Built in the early 12th century, it was the residence of the warden of the Forest of Dean – a royal hunting ground where the game was protected and the king alone allowed to hunt. The castle was in royal possession by the 1160s and was rebuilt, with the small but impressive keep, by Henry II (r.1154–89). The Forest of Dean was important for another reason – it was one of the centres of the medieval iron industry, small scale by present day standards but a vital source of supply for the manufacture of weapons, especially crossbow bolts. The crossbow was the favourite weapon of the mercenaries who were employed in considerable numbers by Henry’s son, King John (r.1199–1216), who built a new hall (now vanished) and an elaborate chamber block at St Briavel’s. . . . Under Edward I (r.1272–1307), thousands of crossbow bolts were produced at the castle in preparation for the king’s Welsh and Scottish campaigns. Edward took care to ensure that his arsenal was well protected, adding the massive twin-towered gatehouse to the castle in 1292.
With the conquest of Wales completed by the end of the 15th century, the castle’s importance declined rapidly and unused buildings were demolished in 1680. The gatehouse became a prison where those accused of committing offences within the forest area were held while awaiting trial. . . . The keep collapsed in 1752, by which time the great hall had also been demolished, and the east tower collapsed in 1777 destroying the adjoining buildings. The castle was still being used as a debtors’ prison until 1842. After centuries of neglect and decay, the surviving buildings were restored and rendered habitable at the turn of the 20th century. English Heritage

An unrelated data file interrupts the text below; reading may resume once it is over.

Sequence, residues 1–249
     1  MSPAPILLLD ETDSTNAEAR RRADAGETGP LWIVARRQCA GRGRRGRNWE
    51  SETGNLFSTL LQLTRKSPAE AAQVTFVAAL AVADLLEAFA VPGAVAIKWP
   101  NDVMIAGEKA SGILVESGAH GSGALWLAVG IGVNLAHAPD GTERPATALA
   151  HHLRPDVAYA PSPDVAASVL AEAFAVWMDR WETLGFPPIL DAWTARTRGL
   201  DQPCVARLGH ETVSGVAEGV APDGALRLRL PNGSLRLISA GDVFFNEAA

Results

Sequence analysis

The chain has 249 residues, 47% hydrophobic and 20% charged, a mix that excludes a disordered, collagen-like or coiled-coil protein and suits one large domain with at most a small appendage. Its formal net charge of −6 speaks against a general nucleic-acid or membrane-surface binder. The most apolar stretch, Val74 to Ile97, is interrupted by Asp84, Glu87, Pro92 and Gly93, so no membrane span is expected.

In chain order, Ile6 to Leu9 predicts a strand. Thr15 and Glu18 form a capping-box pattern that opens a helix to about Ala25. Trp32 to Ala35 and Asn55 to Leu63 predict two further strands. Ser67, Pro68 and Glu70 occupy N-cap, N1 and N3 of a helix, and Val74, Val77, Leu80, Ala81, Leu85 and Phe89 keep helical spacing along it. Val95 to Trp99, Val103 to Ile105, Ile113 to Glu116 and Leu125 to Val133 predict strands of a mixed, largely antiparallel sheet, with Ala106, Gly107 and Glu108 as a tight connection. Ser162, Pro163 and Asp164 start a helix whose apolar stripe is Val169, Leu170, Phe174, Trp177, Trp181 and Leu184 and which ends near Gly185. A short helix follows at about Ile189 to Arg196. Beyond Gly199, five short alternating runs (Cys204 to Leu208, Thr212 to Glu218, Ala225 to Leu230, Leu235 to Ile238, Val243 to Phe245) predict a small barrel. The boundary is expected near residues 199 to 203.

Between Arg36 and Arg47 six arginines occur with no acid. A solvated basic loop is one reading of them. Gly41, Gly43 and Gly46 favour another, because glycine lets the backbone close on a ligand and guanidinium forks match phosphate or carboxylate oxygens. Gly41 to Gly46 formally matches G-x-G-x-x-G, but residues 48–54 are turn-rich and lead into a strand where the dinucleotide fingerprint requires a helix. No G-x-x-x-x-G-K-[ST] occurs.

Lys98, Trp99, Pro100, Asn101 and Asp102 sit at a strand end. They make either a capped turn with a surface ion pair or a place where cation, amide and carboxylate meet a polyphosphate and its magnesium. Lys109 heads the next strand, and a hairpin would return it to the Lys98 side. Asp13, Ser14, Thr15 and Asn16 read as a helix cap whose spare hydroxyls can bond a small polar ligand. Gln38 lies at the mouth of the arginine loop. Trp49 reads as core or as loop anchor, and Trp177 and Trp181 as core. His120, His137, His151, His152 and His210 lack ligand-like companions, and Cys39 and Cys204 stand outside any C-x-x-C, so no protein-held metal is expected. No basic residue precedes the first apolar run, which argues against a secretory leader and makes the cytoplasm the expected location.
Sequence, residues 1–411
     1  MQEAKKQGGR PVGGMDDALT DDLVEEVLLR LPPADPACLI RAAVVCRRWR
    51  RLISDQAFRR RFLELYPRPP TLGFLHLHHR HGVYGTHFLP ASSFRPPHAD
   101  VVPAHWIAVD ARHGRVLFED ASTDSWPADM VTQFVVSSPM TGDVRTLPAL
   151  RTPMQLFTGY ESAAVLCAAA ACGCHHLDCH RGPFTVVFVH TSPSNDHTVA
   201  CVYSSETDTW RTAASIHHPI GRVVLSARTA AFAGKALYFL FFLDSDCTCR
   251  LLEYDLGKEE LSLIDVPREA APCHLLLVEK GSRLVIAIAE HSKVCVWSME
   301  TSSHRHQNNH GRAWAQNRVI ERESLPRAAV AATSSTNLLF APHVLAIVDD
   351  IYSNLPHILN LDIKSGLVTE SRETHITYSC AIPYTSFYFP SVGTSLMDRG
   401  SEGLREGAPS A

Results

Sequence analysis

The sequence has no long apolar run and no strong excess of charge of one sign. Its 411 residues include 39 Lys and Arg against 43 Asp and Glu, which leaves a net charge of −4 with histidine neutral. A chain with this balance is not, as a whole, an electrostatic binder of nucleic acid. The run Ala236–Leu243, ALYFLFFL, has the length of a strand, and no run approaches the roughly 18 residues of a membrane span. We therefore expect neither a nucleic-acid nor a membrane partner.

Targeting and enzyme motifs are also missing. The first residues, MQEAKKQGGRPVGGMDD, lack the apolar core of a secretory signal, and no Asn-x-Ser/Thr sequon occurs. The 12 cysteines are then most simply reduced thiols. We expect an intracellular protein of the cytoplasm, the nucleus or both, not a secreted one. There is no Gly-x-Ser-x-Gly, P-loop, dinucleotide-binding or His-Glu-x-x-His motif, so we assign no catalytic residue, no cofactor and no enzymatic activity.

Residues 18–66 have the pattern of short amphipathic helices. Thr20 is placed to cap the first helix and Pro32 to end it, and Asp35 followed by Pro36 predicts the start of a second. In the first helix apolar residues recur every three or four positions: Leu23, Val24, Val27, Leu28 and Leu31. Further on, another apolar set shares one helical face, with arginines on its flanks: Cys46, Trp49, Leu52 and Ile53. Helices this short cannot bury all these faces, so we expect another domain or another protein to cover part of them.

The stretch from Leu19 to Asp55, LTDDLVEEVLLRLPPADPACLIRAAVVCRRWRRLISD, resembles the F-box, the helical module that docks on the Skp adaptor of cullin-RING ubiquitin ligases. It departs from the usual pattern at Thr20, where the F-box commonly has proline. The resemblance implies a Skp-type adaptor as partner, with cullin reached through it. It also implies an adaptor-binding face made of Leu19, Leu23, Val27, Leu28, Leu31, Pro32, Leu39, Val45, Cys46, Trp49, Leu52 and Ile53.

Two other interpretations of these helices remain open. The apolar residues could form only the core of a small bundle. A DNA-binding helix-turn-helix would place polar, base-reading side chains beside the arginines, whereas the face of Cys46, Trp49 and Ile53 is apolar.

St Briavel’s Castle survives well with its moat, curtain wall, gatehouse and royal apartments in good condition. The upstanding remains are a good example of an enclosure castle of the 13th century. Sub-surface deposits within the castle and moat will contain archaeological information and environmental evidence relating to the castle and the wider landscape. Notice boards explain concisely the history and functions of the various parts of the castle, and it can be visited by the public in its present function as a Youth Hostel, providing a valuable educational resource. The enclosure castle of St Briavels is recorded in the early 12th century, but is thought to have its beginnings in the 11th century as a motte and bailey castle. This long history of use and adaptation will provide evidence of changing approaches to defensive problems and castle building over time. It was one of a sequence of castles along the border, built as part of a defensive strategy against the Welsh. In the 13th century it was strengthened in a huge castle building programme undertaken for the conquest of Wales and the Welsh wars of 1277, 1282-3 and 1294-5. The gatehouse can be seen as part of the sequential development of castle gatehouses formed by projecting mural towers on either side of an entrance passageway which culminated in the grand castles of Harlech, Beaumaris, Caerphilly and Tonbridge. Historic England
Fast forward a couple centuries to when King John would visit and hunt in the forest every November, always lodging at St Briavels Castle. He allegedly expanded and renovated the former fortress—funded by the taxes he increased and collected, as is expected of this notoriously villainous monarch. Some of the surviving rooms, hall range, and curtain wall are thought to have been built by him. Some time after John’s death, the castle was turned into a quarrel (crossbow bolt) factory, and soon it became the national center of quarrel manufacture, the resources provided by the iron mines in the Forest of Dean. The castle’s most iconic feature, its magnificent gatehouse, was built around this time by the order of King Edward I. Atlas Obscura
Court Room in St. Briavel’s Castle & Interior of the Debtors’ Prison in St. Briavel’s Castle “The Forest of Dean”, H. G. Nicholls, 1858, pp. 114-115